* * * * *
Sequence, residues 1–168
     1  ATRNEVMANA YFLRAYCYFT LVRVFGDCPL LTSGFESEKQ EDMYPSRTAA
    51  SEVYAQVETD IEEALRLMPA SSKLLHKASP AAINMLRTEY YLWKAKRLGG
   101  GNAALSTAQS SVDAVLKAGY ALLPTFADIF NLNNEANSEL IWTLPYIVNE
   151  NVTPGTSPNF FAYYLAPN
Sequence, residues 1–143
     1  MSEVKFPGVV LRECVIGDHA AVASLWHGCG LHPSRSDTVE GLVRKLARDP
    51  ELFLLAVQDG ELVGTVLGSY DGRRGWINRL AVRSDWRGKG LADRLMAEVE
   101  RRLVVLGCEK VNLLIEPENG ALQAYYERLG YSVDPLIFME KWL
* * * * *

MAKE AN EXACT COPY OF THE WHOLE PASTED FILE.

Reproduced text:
Sequence, residues 1–168
     1  ATRNEVMANA YFLRAYCYFT LVRVFGDCPL LTSGFESEKQ EDMYPSRTAA
    51  SEVYAQVETD IEEALRLMPA SSKLLHKASP AAINMLRTEY YLWKAKRLGG
   101  GNAALSTAQS SVDAVLKAGY ALLPTFADIF NLNNEANSEL IWTLPYIVNE
   151  NVTPGTSPNF FAYYLAPN
Sequence, residues 1–143
     1  MSEVKFPGVV LRECVIGDHA AVASLWHGCG LHPSRSDTVE GLVRKLARDP
    51  ELFLLAVQDG ELVGTVLGSY DGRRGWINRL AVRSDWRGKG LADRLMAEVE
   101  RRLVVLGCEK VNLLIEPENG ALQAYYERLG YSVDPLIFME KWL